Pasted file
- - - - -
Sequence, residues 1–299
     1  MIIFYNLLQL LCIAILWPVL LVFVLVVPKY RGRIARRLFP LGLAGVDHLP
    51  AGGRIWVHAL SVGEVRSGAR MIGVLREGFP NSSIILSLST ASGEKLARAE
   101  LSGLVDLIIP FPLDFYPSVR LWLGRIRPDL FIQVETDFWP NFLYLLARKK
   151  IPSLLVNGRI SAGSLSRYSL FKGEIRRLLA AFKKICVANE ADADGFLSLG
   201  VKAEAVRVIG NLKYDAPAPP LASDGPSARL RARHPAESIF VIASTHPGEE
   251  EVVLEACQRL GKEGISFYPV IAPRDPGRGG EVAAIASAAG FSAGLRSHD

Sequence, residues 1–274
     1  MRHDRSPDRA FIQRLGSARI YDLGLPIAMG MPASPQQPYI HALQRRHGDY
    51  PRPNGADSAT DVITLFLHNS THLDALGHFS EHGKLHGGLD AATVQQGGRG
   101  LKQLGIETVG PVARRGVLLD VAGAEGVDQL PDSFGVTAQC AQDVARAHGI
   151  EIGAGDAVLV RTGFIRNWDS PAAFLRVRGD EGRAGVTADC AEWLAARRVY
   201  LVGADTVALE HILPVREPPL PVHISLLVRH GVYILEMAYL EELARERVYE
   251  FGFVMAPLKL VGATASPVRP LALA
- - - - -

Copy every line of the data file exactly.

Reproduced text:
Sequence, residues 1–299
     1  MIIFYNLLQL LCIAILWPVL LVFVLVVPKY RGRIARRLFP LGLAGVDHLP
    51  AGGRIWVHAL SVGEVRSGAR MIGVLREGFP NSSIILSLST ASGEKLARAE
   101  LSGLVDLIIP FPLDFYPSVR LWLGRIRPDL FIQVETDFWP NFLYLLARKK
   151  IPSLLVNGRI SAGSLSRYSL FKGEIRRLLA AFKKICVANE ADADGFLSLG
   201  VKAEAVRVIG NLKYDAPAPP LASDGPSARL RARHPAESIF VIASTHPGEE
   251  EVVLEACQRL GKEGISFYPV IAPRDPGRGG EVAAIASAAG FSAGLRSHD

Sequence, residues 1–274
     1  MRHDRSPDRA FIQRLGSARI YDLGLPIAMG MPASPQQPYI HALQRRHGDY
    51  PRPNGADSAT DVITLFLHNS THLDALGHFS EHGKLHGGLD AATVQQGGRG
   101  LKQLGIETVG PVARRGVLLD VAGAEGVDQL PDSFGVTAQC AQDVARAHGI
   151  EIGAGDAVLV RTGFIRNWDS PAAFLRVRGD EGRAGVTADC AEWLAARRVY
   201  LVGADTVALE HILPVREPPL PVHISLLVRH GVYILEMAYL EELARERVYE
   251  FGFVMAPLKL VGATASPVRP LALA